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May 25, 2017 | admin DUI and OR Violations
In some cases, the court hands down an “OR” release to a DUI offender. This order allows the defendant to stay out of jail while their criminal case is still ongoing. An OR release is usually subject to a few terms and conditions that compare to those given under a DUI probation. A violation of any of these terms results in the defendant being remanded into custody and could also subject them to new criminal charges.
Conditions of an “OR” Release
A defendant is supposed to abide by certain terms and conditions of an OR release. These usually include restrictions on driving a motor vehicle without insurance or a proper license, restrictions on the consumption of alcohol, and compulsory AA attendance. The court may further require the defendant to wear a monitoring device or “SCRAM” bracelet to prevent the defendant from consuming alcohol while their case is still pending.
A defendant’s lawyer may pose arguments to dismiss certain terms of an OR release. This happens when the defendant’s attorney finds some of the requirements of an OR release to be excessive or unreasonable.
When setting the requirements of an OR, the court will factor issues such as whether the defendant has a prior DUI offense record, whether the defendant was involved in a crash, and the defendant’s alleged blood alcohol levels. Even after posting bond, the defendant may still be required to abide by the terms and conditions of an OR.
The court subjects a defendant to serious consequences for non-compliances with the terms of an OR release. If the court finds that the defendant did not attend AA sessions in accordance with the terms of the release or committed a new offense, they may be remanded into custody and stay there until their case is resolved. The court classifies this as a “change in circumstances”. Such a situation allows the judge to impose or increase the defendant’s bail. In the event that the defendant is unable to post bail, they are held in custody as their case proceeds.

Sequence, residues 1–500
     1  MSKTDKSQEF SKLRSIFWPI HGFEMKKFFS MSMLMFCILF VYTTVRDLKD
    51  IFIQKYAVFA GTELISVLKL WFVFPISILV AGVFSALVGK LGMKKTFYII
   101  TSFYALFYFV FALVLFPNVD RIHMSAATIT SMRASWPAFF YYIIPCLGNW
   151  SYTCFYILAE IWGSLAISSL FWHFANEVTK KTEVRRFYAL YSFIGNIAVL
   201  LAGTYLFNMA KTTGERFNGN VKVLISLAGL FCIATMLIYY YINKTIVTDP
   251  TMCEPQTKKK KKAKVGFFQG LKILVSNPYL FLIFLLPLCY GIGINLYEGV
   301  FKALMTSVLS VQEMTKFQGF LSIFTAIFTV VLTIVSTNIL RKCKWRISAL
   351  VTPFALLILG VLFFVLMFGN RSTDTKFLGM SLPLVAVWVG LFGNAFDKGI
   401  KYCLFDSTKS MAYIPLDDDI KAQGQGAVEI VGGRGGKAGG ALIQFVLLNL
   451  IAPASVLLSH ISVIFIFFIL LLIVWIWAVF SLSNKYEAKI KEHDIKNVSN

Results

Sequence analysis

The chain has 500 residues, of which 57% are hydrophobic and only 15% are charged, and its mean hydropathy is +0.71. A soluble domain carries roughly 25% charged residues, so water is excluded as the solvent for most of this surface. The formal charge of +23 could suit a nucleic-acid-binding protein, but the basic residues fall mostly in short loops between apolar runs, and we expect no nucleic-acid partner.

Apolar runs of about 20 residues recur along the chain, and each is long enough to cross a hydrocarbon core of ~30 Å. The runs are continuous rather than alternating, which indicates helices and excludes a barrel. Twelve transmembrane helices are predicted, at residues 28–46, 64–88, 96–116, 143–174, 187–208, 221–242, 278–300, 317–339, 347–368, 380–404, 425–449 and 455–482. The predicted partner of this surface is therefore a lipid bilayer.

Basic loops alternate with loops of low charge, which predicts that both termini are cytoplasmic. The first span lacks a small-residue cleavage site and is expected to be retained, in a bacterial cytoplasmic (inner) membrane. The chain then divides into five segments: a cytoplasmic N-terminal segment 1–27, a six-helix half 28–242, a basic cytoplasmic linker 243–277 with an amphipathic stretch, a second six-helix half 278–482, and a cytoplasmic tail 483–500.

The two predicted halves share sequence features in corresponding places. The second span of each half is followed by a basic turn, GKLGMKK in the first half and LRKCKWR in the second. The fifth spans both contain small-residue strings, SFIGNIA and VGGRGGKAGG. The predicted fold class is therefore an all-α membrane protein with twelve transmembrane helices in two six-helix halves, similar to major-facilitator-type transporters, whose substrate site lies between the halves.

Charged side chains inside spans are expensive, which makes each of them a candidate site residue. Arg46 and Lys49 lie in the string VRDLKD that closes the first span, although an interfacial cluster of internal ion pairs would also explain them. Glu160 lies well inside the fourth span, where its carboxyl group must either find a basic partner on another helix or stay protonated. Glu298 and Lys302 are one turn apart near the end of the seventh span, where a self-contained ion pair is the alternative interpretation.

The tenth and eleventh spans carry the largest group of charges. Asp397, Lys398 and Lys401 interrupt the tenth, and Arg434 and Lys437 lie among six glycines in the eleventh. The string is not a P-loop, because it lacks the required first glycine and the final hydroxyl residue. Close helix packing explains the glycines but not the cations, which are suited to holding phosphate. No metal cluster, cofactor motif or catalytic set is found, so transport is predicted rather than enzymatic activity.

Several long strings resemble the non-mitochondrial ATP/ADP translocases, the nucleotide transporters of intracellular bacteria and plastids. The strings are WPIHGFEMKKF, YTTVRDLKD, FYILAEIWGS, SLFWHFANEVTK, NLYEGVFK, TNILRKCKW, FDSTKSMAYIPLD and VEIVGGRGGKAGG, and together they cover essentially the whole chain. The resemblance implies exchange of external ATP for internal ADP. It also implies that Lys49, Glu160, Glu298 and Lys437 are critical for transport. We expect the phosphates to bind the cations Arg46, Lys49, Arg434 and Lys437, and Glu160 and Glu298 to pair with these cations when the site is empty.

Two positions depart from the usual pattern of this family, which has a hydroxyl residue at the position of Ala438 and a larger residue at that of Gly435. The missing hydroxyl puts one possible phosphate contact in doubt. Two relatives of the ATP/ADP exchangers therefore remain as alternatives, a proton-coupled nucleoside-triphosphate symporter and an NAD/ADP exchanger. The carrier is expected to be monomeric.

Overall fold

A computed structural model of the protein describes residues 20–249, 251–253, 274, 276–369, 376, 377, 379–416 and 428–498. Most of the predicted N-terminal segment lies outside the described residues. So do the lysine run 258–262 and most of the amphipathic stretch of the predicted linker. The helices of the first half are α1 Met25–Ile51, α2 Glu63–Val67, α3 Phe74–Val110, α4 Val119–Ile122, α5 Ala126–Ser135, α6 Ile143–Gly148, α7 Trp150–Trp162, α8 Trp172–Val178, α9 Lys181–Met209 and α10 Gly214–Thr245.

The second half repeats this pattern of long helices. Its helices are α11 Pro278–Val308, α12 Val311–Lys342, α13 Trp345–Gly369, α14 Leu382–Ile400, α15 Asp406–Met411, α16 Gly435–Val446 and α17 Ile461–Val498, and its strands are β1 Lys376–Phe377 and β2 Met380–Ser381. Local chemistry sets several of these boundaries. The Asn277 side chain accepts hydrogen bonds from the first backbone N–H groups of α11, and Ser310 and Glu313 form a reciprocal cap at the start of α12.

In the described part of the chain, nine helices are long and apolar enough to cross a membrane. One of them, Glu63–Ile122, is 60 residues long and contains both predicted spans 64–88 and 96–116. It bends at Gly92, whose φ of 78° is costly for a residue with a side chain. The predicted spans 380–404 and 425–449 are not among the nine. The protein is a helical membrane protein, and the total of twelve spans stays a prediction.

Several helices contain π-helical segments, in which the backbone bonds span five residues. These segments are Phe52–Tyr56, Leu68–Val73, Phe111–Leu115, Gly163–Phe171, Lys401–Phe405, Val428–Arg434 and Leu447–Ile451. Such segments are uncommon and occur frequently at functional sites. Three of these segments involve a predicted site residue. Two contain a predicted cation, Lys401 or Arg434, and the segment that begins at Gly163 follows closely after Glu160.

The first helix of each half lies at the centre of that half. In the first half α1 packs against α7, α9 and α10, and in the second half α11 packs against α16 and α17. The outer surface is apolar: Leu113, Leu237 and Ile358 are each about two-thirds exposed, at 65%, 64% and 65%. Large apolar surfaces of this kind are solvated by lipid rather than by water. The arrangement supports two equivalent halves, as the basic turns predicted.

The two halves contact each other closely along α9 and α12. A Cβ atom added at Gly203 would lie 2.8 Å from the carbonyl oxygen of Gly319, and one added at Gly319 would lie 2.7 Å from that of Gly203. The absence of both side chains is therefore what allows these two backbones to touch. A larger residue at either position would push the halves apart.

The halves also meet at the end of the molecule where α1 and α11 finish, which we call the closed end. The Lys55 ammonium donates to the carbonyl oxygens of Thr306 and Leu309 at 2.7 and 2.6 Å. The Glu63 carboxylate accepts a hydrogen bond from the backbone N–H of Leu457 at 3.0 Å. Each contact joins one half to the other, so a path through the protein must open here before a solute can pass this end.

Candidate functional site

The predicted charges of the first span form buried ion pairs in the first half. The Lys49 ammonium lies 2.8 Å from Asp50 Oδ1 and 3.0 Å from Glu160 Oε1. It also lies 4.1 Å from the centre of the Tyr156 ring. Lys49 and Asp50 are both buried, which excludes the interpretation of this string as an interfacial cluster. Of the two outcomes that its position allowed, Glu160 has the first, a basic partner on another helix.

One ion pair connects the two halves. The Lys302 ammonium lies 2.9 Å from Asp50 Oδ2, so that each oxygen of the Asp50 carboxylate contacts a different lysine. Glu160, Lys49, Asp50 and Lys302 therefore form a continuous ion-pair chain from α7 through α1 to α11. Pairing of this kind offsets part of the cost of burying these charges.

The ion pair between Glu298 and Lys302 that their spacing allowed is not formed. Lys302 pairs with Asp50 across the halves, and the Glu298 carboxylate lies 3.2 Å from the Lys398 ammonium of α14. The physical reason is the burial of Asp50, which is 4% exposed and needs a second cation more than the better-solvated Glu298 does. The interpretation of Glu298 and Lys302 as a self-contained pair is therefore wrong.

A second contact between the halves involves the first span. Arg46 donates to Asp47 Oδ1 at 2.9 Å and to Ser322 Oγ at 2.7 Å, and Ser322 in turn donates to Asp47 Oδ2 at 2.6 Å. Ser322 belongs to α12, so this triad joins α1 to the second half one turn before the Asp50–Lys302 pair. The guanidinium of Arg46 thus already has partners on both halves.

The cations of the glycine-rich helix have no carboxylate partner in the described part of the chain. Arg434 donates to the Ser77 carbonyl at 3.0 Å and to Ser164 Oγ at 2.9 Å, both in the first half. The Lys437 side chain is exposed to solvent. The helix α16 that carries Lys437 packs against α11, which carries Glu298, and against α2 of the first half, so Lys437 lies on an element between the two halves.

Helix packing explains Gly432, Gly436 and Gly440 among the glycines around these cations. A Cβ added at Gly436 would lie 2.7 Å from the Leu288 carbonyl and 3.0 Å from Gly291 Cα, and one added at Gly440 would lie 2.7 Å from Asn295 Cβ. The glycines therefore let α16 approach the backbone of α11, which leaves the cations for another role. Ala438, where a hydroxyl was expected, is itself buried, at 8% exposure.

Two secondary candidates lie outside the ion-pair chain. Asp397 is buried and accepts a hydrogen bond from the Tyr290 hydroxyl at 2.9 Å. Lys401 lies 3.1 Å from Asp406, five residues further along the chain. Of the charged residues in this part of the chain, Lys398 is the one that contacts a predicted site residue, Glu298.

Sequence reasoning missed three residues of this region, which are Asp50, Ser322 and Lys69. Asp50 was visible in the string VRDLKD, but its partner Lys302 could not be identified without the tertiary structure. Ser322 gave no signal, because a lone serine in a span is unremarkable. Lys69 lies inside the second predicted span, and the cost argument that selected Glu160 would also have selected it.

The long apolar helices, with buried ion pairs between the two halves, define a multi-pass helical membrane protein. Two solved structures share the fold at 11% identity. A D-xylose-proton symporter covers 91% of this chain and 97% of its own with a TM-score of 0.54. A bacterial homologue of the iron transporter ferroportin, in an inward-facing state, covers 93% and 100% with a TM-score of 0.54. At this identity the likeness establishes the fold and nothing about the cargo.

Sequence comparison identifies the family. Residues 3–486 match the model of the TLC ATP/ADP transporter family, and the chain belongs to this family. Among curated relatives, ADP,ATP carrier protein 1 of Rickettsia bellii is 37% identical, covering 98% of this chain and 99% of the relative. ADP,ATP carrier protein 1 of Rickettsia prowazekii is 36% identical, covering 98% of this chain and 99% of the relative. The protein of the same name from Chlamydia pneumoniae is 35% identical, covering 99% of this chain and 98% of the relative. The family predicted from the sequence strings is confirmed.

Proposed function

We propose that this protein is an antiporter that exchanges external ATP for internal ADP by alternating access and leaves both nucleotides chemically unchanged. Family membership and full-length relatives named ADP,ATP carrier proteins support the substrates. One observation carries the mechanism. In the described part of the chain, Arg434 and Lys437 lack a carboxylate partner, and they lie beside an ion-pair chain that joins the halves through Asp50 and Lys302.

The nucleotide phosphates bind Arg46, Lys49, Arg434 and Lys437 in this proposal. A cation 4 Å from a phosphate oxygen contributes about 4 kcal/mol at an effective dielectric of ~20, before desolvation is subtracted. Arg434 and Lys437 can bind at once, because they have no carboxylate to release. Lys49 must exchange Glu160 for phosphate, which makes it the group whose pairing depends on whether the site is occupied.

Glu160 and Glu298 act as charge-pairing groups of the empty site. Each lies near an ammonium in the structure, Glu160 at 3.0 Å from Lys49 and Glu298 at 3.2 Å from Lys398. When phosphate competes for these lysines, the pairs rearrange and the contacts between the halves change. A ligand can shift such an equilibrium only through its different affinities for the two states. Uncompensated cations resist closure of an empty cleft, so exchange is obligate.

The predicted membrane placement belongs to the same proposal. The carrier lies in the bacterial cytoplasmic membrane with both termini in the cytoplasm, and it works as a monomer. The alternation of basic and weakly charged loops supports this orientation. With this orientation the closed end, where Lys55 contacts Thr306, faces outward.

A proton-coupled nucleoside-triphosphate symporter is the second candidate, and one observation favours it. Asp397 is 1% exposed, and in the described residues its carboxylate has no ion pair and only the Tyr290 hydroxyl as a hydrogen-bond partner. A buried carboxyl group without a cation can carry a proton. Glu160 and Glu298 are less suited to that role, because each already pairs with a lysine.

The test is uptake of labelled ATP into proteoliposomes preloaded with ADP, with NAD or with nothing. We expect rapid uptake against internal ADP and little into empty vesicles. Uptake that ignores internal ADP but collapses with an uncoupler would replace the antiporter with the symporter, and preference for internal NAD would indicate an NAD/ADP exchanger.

Another form of an OR release violation is where the defendant is arrested under the suspicion of committing a subsequent DUI crime. The defendant’s bail or OR release may be revoked in such circumstances. Furthermore, prosecutors and courts frown upon multiple DUI offenses and may subject the defendant to a long jail sentence and harsh probation conditions for violating OR and for committing a subsequent DUI offense.
When Does A Defendant’s Obligations Under OR End?
The requirements of OR release are in force as long as the defendant’s case is ongoing. After the case has been dismissed, or if the defendant is absolved, the OR terms and conditions are null and void. Additionally, when a defendant is charged with a DUI offense, they are not obligated to abide by OR conditions. Nevertheless, the defendant may be bound to certain requirements of probation. In most cases, the defendant is given credit for attending AA meetings if this was one of the terms of probation. The court also considers the defendant’s conduct while they were on OR release when laying out the requirements of probation. Therefore, if the defendant abide by the terms of an OR release, the court is likely to reduce their sentence if they are found guilty of a DUI offense.
If you are arrested or charged for committing a DUI offense, there are certain conditions you must satisfy after posting bail. If you violate the terms of an OR release you could easily find yourself behind bars. If you or a loved one is facing DUI charges, you should consult an experienced Los Angeles DUI attorney for legal assistance throughout your entire case.